## Tuesday, March 15, 2016

### A Fix for Quiz Corrections?

I detest quiz corrections. They're messy, I have to grade things more than once, and the kids often just copy their neighbor's correct answer without actually rethinking the work.

So when I had a student ask last week if he could do quiz corrections for a recent quiz, my instinct was to say no.

But then I fought with myself (not literally, you know). Isn't the goal to get the kids to learn the stuff? Is there a way to do quiz corrections so that they actually recognize their mistakes and go through the process to fix them?

I ended up creating this chart that I'm hoping will help in more ways than one.

My hopes:
1. It'll force the kids to show their work in a place where I can actually find it.
2. It asks "what did you do wrong?" so that they can inspect their work and think through it.
3. It'll keep the kids from just copying their neighbor's answer without actually doing some work.

I also gave a specific due date for the corrections so they're not floating in at any time. When I have RPoC (random piles of crap) I tend to put off grading it and it tortures me.

My first round is due on Friday, so the jury is still out.

## Thursday, March 3, 2016

### I know the problem... now someone solve it for me.

On a day-by-day basis I'm impressed with how much my students can do.

Solve a quadratic equation?  No problem.
Simplify this cube root? Got it.
Find the asymptotes and graph this rational function?  Piece of cake (mostly).

Just this week in Math 3 we're working with radicals; simplifying, adding, subtracting, rationalizing, etc. When we concentrate on one task they're golden.  But once I expect them to actually remember skills from previous days (weeks, months, courses) I'm out of luck.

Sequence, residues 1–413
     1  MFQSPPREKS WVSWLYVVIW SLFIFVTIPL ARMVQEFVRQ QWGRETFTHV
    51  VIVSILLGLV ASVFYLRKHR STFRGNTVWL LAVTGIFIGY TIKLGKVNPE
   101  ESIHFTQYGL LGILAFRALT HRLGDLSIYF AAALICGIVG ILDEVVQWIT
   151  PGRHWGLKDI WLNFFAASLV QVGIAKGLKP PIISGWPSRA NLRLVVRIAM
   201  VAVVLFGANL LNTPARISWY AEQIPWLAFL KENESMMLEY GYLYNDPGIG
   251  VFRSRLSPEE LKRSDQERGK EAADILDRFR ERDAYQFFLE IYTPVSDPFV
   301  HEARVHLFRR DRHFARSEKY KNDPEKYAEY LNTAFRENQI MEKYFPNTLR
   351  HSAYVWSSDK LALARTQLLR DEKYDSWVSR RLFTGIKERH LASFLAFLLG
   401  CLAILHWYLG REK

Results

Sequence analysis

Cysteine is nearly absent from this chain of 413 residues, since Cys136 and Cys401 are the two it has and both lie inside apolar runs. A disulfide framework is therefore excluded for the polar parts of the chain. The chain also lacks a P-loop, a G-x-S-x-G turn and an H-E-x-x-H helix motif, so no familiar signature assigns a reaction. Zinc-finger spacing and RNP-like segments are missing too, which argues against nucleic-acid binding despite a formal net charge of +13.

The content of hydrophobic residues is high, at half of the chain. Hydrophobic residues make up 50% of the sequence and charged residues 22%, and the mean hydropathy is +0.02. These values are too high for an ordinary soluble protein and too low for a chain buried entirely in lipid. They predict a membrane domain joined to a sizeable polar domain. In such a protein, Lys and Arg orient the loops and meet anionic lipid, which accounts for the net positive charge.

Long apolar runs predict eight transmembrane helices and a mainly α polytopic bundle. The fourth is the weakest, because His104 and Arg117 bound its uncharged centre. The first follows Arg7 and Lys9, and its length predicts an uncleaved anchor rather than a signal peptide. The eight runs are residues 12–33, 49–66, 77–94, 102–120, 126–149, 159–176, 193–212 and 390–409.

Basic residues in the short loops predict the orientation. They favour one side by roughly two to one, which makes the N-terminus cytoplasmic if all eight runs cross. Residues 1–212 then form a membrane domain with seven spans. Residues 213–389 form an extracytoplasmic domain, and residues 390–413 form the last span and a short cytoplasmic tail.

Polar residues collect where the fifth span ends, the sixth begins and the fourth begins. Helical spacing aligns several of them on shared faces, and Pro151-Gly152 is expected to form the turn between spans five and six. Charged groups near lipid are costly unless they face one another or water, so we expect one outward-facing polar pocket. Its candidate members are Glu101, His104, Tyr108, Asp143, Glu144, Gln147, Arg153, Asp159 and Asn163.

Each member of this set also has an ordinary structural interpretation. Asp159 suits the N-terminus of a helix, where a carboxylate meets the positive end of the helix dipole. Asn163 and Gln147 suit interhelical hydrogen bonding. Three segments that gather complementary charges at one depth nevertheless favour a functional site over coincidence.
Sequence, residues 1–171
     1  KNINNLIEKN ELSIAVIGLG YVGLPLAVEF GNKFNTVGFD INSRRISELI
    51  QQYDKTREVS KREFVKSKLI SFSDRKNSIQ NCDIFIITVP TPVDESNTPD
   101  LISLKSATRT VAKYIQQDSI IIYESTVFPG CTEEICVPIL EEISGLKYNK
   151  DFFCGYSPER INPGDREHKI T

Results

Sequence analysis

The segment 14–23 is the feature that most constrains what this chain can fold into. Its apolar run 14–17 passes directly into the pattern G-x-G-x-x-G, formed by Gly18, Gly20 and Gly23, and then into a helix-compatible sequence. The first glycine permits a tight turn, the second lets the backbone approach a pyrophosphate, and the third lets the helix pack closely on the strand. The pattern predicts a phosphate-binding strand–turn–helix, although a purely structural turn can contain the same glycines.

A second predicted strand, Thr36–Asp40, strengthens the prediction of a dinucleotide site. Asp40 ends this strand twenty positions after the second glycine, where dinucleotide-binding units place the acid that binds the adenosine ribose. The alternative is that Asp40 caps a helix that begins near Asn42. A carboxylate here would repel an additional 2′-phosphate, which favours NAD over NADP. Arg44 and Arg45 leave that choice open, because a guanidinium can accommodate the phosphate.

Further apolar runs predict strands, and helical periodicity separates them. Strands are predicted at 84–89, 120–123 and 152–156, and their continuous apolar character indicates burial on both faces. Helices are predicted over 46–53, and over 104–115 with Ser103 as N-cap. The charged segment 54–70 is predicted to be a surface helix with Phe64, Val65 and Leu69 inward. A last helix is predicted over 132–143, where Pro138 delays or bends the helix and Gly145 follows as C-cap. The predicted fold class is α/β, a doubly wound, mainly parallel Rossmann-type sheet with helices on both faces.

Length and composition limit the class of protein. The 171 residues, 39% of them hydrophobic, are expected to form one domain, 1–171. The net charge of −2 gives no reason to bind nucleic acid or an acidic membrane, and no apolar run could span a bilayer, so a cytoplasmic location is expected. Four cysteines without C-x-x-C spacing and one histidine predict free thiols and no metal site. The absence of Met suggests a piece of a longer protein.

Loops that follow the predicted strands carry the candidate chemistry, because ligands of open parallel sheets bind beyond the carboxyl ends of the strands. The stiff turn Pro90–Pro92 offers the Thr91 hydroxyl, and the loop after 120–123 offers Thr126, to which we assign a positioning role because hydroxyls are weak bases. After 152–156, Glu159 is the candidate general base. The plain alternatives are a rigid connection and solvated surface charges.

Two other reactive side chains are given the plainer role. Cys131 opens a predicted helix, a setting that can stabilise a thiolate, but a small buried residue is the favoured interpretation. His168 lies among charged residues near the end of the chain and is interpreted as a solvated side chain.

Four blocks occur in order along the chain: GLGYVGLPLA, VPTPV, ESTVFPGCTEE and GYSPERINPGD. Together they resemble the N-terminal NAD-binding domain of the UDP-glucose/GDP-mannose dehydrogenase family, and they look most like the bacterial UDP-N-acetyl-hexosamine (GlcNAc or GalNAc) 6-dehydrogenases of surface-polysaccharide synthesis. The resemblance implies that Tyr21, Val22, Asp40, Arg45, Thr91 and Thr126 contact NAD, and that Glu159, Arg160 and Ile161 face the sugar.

Rationalizing denominators is tough when you can't remember how to multiply radicals.  I actually mentioned this to the kids today and got several head-nods. "You guys are good with the idea of rationalizing a denominator. But when it comes to remembering how to multiply and simplify after setting up the rationalizing and that's where we struggle."

I've fought this all year with my Math 1 kids. Their retention skills are so lacking. On any given day I could teach a new skill to the class and I'd say a good 75% of the kids could understand and do it. If they chose to (another issue). But the next day it's a toss up to who knows what.

Is it me? I try and teach for understanding, hoping that something will click (instead of just memorizing a formula).   I've chosen to decrease the amount of problems I give each night; typically assignments are 5 - 6 problems. Would assigning more help?

In both of these classes I've started giving weekly review problems this semester. Next year I intend to start that from day 1.